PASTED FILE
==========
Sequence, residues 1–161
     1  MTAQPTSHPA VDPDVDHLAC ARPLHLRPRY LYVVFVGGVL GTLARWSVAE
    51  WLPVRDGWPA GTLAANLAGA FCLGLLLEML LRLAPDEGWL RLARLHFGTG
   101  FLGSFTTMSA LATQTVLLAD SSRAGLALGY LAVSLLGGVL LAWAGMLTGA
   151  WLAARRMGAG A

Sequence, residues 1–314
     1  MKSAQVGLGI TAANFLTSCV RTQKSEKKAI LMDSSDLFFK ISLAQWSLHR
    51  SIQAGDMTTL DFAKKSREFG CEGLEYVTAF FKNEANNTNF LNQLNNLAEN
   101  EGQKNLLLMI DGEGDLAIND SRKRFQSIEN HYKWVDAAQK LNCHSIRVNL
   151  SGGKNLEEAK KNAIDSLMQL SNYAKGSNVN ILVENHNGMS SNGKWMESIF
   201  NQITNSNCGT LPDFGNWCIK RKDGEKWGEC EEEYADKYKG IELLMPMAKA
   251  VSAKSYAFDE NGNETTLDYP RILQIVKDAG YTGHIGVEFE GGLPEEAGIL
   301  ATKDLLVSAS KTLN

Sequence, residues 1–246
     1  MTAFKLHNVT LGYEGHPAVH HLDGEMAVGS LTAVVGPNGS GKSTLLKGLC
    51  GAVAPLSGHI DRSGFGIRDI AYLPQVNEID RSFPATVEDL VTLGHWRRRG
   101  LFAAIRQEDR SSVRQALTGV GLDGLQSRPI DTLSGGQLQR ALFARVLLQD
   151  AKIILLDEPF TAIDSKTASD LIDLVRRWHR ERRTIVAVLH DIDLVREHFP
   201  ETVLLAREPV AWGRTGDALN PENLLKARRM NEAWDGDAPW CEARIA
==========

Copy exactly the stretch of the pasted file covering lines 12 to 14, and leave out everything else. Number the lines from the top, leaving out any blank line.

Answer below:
   251  VSAKSYAFDE NGNETTLDYP RILQIVKDAG YTGHIGVEFE GGLPEEAGIL
   301  ATKDLLVSAS KTLN

Sequence, residues 1–246